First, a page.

SBD/Issue 129/Leagues & Governing Bodies

Goodell Says Owners May Vote To Add Regular-Season Games

Goodell Says Longer Season
Unlikely To Begin Before '11
NFL Commissioner Roger Goodell yesterday said that owners “might vote in May about the possibility of lengthening the regular season to 17 or 18 games per team,” according to Mark Maske of the WASHINGTON POST. Goodell, at the Owners Meetings in Dana Point, California, said, “We’ll have a very good sense of the ownership and our clubs as we come out of this meeting. Then we’ll make a determination of when that vote is necessary. But I think it’s dependent in large part on our relationship with our (television) partners and the players.” Texans Owner Bob McNair said of additional games, “We all recognize that would add value for the fans. But there are a number of questions: What do you do with your roster? What impact might that have on injuries? What do you do with injured reserve? … We’ll be going through that process. But those are a lot of questions that have to be answered. And we don’t have those answers yet” (WASHINGTON POST, 3/24). Goodell: “How can we create greater value with the content that we have? Making it attractive, while making sure that you don’t overexpose your product is another issue. This would stay within that 20-game framework, which is still roughly two months less than any other professional league” (L.A. TIMES, 3/24). Goodell said that the longer regular season is “unlikely to begin any earlier than 2011” (N.Y. TIMES, 3/24).

TV TIMEOUT: NBC Sports & Olympics Chair Dick Ebersol said he has had “only casual conversations” with the NFL about the proposal to add games, and has not made up his mind on whether he favors it. “It depends on a lot things, particularly where will those games be scheduled. … Will they be in August? Will they be in January? I mean those are wildly different times in the television economy, in terms of your ability to sell and to sell the product at a certain price. I mean, are they going to add two games in August or are they going to have them in January? We don’t even know that." Ebersol acknowledged that more regular-season games in January would be preferable than regular-season games in August, and that the NFL might want NBC and other networks to pay more for more regular-season games. Ebersol: “In my 42nd year of being in the television business, about two-thirds of them in sports, there is never a conversation you have with the NFL that doesn’t involve more.” SportsCorp President Marc Ganis said that if the NFL makes the change, it is possible it could move the whole season back, so not only the Super Bowl, but the NFC and AFC championships could be played in February. “You could have two great NFL weekends during sweeps month” (Liz Mullen, SportsBusiness Journal).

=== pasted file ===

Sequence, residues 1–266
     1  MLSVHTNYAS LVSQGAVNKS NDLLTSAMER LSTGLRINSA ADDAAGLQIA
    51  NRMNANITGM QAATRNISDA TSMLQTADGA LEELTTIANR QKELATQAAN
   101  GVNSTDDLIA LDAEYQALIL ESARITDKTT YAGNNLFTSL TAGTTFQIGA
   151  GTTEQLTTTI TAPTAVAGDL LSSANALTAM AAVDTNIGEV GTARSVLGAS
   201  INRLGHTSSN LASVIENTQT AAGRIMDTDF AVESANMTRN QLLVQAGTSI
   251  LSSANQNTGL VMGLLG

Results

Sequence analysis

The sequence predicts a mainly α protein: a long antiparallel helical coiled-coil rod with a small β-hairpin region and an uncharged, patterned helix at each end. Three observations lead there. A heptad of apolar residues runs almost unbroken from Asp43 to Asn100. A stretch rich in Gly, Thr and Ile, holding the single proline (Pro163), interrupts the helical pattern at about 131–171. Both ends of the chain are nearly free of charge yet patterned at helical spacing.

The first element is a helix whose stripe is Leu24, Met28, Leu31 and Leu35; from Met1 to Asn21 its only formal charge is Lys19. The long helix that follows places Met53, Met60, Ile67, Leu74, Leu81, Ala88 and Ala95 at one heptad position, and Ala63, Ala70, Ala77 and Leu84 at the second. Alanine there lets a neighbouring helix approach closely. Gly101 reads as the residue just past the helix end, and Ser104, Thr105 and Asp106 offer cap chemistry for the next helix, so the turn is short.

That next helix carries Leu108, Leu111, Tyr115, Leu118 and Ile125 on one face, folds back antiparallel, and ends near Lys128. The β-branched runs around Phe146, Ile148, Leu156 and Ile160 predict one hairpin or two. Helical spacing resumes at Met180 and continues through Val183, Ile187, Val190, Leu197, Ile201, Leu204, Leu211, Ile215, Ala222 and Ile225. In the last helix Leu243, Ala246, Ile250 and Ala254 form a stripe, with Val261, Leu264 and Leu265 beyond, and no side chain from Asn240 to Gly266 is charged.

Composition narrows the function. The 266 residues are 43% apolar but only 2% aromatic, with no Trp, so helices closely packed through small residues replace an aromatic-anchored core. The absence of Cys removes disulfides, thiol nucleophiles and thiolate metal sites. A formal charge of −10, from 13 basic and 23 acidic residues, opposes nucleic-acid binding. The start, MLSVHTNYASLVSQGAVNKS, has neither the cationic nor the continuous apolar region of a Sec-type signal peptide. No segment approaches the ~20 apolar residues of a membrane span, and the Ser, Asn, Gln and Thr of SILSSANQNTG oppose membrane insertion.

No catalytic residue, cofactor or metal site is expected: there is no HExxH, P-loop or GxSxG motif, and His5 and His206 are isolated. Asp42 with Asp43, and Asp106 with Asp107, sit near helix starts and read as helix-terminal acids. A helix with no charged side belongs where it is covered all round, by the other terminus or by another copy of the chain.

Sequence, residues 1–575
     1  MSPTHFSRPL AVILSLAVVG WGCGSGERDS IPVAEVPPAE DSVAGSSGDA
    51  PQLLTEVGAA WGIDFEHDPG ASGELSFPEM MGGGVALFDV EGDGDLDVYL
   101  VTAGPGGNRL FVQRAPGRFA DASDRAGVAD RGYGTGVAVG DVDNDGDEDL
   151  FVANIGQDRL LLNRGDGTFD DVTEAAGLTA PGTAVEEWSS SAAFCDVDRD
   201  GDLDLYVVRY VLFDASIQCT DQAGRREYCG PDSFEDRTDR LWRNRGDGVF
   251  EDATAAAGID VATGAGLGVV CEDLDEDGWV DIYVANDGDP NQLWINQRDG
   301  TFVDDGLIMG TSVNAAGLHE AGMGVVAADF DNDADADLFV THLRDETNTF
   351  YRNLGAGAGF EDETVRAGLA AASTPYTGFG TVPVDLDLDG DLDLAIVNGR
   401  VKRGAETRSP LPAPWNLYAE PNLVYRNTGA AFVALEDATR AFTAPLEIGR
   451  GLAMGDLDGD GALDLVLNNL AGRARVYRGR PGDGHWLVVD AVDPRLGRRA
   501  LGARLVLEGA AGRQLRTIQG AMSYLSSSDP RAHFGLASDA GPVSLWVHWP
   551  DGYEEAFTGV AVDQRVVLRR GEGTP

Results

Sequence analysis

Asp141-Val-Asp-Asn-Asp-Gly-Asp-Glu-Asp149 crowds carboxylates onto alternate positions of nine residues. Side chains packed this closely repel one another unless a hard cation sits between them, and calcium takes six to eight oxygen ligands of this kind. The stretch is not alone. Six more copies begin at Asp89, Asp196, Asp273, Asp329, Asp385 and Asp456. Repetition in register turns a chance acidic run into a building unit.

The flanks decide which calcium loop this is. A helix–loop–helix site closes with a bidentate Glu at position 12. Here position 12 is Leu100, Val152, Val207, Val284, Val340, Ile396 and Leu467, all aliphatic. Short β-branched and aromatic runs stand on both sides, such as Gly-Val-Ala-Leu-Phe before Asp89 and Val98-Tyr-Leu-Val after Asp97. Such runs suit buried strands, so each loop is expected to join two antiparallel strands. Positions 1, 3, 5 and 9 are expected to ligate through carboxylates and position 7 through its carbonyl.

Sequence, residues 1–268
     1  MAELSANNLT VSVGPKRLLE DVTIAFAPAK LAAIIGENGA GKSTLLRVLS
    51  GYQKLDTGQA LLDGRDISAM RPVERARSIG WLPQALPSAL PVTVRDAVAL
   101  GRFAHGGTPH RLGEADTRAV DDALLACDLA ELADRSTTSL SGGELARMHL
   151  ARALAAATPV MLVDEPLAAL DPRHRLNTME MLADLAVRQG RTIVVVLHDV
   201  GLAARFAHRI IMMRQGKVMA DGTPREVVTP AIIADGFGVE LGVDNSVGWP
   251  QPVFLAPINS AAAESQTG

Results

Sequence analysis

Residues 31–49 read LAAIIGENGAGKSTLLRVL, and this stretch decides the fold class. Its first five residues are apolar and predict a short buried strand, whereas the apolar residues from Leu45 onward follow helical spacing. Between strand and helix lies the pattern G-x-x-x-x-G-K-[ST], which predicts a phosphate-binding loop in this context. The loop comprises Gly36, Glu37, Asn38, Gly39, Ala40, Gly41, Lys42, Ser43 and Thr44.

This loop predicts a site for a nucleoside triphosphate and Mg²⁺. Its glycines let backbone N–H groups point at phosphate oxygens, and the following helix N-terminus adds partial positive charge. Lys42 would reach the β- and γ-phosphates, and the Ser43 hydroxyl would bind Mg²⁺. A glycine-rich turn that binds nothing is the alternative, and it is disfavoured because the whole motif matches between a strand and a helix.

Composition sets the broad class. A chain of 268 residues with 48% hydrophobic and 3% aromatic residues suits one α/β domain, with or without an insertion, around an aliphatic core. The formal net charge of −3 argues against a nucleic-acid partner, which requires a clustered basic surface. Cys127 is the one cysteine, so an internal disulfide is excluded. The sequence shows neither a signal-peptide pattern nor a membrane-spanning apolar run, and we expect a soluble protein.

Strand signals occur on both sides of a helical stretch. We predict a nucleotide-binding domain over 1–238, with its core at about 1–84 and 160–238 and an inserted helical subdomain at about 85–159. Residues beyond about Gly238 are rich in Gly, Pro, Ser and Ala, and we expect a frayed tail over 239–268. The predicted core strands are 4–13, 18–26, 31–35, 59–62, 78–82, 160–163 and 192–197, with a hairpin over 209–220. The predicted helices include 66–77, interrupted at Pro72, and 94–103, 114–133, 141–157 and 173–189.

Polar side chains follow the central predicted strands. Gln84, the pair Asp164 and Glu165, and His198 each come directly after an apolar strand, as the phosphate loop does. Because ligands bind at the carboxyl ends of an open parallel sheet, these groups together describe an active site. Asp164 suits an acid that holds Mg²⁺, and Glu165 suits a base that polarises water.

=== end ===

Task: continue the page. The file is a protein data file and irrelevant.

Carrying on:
TOO MUCH OF A GOOD THING? Pilson Communications President Neal Pilson said of the possibility of the NFL adding more regular-season games, “It’s not as attractive to the networks as you might think. I would not be jumping through hoops to get this done.” Optimum Sports Managing Dir Tom McGovern said, “In this marketplace, no one is looking to add inventory. If you build it, (advertisers) don’t always come.” Former A-B VP/Global Media & Sports Marketing Tony Ponturo: “We’ve all watched businesses break a little bit in the current economy, so you wonder about keeping what you have healthy. It may be a time when broadcasters have to examine whether it’s worth having the NFL as a great showcase for their other programming” (SPORTSBUSINESS JOURNAL, 3/23 issue).

Kraft Says Extending NFL's Calendar
Might Create 100 New Jobs
GAINING MOMENTUM: USA TODAY’s Jarrett Bell writes the “prospect of extending the NFL’s calendar and staging the league’s signature event in the latter half of February is gaining momentum.” Steelers Chair Dan Rooney said, “I’m for 17 games, not 18. We need three preseason games.” Patriots Owner Robert Kraft: “We’re going to play these games anyway. How do we make them as meaningful as possible?” Bell notes an “expanded scheduled could increase roster sizes and bolster the number of developmental players on practice squads.” Kraft: “It might create 100 new jobs.” But Colts Owner Jim Irsay said, “The biggest concern is that I’ve liked the way we’ve had the playoffs as a really elite thing to get in. There are 32 teams and only 12 get in, unlike the NBA and other leagues where a lot of people get in. It’ll probably be hard to keep it that way when you’re talking about more games at the end of the season” (USA TODAY, 3/24).